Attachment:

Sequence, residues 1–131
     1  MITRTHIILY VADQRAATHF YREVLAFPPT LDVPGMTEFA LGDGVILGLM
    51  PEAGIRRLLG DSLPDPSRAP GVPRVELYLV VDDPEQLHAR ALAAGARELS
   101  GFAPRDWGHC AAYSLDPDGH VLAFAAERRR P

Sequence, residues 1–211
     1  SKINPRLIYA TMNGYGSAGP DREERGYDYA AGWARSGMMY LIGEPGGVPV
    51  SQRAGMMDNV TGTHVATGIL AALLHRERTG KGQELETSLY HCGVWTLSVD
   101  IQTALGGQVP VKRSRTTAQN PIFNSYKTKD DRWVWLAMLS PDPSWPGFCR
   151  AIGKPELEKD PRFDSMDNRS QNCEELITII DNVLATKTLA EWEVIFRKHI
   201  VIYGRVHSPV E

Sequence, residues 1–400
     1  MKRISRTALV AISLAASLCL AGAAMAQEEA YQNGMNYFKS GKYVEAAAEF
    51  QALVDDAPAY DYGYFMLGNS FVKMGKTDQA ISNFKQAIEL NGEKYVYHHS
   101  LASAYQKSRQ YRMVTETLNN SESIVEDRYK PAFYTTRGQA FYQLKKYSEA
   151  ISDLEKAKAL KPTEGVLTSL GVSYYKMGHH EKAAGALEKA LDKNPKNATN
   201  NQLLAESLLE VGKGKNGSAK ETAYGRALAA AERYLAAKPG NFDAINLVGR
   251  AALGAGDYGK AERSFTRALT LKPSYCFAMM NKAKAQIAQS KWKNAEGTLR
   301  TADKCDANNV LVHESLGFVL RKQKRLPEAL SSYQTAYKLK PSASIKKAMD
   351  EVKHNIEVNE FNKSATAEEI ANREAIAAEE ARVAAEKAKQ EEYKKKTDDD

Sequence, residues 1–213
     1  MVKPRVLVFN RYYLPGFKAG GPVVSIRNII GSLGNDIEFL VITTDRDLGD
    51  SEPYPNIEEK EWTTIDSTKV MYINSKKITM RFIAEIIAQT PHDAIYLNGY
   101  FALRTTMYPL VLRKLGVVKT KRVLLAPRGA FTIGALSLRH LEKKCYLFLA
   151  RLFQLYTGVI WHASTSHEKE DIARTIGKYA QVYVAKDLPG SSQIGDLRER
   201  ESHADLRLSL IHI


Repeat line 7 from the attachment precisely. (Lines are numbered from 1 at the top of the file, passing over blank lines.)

    51  SQRAGMMDNV TGTHVATGIL AALLHRERTG KGQELETSLY HCGVWTLSVD